In the financial world, experience and judgment matter more than anything. We offer our clients a proven 23-year record of success working in all types of market conditions. Since we opened our doors in 1986, we have continually improved our investment methods and client services. When clients invest with us, they receive all the benefits and advantages of that experience.
As a registered investment advisor, we have a fiduciary responsibility for every client we serve. That means we have a legal obligation to put their interests ahead of our own. It is estimated that only 15% of all financial advisors meet this fiduciary requirement.
To make sure our interests are always perfectly aligned with our clients, Paragon advisors never sell financial products or receive sales commissions. We only receive management fees for managing our client’s accounts.
With us, there are no hidden fees or surrender charges. Unlike most investments, clients are free to move their money out of our investment programs at any time if their needs change or they are not completely satisfied with our services.
TWST: Last time we talked, you talked about how important it is to measure the amount of risk an investor is taking, not just returns. Do you want to tell our readers more about that?
Mr. Young: Since my firm was founded on the importance of reducing risk I obviously feel that it is very important. I believe that it is useless to compare returns unless you also compare corresponding risk. We use the Ulcer Index to measure risk.
The Ulcer Index is different from other risk measurement indexes, such as standard deviation, beta and the Sharpe ratio, because it does much more than simply measure portfolio volatility. Traditional risk indexes falsely assume that all volatility is bad. The reality is that investors welcome upside volatility-but deplore downside volatility. The Ulcer Index accounts for this basic psychological fact by ignoring upside volatility and penalizing downside volatility.
Since its inception from January 1, 1998 to December 31, 2008, the Paragon Top Flight Portfolio has generated an Ulcer Index rating of 8.9, compared to 19.31 for the S&P 500 and 49.32 for the NASDAQ. The lower the number, the lower the risk level.
TWST: Are there any other topics or issues that you would like to mention in this interview that we haven’t touched on?
Mr. Young: We are in a very difficult time right now and a lot of investors are simply putting their head in the sand and waiting for this horrible market to go away. That’s understandable. The fact is there is some history to this situation. We have been through 34 bear markets in last 100 years. We’ve had four bear markets that are in the same category as the one we are going through right now, that had declines of 50% and more. After each one of the bear markets we have gone through there are certain areas of the market that show extreme strength when the market finally reverses.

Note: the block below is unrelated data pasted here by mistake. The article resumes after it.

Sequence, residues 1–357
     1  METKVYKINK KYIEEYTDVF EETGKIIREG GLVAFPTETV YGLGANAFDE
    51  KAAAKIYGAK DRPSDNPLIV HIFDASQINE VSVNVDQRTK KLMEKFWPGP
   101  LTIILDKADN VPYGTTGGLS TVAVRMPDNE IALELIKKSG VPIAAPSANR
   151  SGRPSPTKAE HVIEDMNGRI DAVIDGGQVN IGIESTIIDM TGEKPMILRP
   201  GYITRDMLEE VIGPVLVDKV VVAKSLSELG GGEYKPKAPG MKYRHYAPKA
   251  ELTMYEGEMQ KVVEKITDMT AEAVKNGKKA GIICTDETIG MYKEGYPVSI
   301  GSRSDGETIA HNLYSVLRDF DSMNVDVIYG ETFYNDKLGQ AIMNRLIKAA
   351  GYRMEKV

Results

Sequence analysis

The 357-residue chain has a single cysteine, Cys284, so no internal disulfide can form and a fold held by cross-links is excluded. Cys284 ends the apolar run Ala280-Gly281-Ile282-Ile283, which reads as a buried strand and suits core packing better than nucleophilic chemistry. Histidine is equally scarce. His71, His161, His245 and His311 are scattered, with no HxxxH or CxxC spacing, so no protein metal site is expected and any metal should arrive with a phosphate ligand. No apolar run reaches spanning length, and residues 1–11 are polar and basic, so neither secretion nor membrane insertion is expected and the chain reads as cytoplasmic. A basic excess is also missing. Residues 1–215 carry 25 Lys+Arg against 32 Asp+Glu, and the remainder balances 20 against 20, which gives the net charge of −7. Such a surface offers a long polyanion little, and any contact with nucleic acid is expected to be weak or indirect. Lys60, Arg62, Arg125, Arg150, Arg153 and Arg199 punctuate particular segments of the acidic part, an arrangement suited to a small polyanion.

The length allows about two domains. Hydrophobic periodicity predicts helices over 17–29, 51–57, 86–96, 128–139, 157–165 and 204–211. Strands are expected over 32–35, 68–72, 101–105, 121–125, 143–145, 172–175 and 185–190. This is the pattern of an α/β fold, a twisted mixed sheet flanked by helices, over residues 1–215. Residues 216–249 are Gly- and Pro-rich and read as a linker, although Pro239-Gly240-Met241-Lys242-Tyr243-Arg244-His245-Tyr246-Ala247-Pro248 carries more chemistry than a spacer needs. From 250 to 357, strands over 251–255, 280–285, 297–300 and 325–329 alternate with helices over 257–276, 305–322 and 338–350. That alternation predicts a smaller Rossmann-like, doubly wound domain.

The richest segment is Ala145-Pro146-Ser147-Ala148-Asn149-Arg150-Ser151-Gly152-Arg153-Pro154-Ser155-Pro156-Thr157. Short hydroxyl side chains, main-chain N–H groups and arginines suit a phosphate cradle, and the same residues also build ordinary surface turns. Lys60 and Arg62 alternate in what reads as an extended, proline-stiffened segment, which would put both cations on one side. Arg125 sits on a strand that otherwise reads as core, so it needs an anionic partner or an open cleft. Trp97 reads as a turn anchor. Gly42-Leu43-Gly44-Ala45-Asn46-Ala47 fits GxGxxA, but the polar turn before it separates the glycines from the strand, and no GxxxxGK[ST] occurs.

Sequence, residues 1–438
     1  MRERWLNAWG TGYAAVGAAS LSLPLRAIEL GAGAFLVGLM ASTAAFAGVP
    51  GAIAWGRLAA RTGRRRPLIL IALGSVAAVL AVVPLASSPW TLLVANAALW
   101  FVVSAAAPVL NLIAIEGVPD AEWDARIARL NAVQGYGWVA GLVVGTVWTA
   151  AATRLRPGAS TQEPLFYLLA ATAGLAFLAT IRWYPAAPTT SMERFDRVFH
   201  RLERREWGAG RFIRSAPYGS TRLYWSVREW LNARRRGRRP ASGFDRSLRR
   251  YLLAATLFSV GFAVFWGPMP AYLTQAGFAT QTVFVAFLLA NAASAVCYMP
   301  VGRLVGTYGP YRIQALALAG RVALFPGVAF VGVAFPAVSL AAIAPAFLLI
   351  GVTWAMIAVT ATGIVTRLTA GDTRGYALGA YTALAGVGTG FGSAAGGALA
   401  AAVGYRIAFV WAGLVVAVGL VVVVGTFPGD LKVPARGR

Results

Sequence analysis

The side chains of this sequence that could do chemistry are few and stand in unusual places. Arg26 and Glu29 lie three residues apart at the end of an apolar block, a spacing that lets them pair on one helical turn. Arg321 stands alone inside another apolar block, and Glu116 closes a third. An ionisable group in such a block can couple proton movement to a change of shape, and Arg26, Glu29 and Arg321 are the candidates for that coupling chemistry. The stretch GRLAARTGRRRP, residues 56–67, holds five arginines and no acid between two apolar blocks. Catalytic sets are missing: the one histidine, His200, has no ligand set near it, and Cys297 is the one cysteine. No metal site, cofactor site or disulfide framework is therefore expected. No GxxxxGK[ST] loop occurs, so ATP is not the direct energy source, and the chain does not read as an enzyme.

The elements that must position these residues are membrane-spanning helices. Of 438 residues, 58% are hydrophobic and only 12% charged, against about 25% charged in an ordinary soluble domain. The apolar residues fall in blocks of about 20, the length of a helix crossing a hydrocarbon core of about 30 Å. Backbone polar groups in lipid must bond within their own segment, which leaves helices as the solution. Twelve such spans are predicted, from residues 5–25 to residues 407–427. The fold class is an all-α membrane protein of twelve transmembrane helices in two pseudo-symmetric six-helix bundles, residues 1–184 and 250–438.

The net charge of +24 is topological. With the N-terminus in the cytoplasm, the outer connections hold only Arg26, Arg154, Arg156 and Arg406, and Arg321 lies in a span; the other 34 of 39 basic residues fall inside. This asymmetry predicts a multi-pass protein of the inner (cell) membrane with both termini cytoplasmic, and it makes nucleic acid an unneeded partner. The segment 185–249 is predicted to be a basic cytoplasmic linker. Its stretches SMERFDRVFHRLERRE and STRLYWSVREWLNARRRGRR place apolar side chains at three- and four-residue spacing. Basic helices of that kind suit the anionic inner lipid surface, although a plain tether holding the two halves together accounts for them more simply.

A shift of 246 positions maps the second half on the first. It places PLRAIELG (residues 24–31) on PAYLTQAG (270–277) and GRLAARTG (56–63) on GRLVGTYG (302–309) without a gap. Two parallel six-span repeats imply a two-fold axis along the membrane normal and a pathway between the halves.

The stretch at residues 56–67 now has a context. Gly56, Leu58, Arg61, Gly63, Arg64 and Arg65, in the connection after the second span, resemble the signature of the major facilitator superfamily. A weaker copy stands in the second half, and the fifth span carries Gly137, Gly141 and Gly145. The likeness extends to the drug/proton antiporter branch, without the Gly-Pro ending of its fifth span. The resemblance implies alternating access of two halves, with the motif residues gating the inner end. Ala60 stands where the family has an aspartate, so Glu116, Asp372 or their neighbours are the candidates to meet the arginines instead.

After past bear markets we’ve positioned ourselves in those areas of the market that have traditionally shown the most strength. Those areas have come out three to four times faster than the broad S&P indexes. For example, after the 2002 bear market we had the 2003 a bull market. That year, the S&P 500 was up 28.6% but Top Flight was up 50.3% that same year, because we moved into those areas of the market that do well after bear markets.
This type of bear market we are currently going through usually happens only once or twice in an investor’s life-time. It is also a once in a life-time opportunity. It is important for investors to be in the right places on the other side of this bear market.
TWST: Thank you. (PS)
Dec 1, 2008
By Peri Kinder
It’s been a disaster waiting to happen for years. The effects of the subprime lending industry, loose credit standards, dubious mortgage loans and a slowing economy have finally reached a peak, and now the nation faces a financial crisis of historic proportions. Not since the Great Depression have the U.S. and global economies been confronted with such a serious threat to economic stability.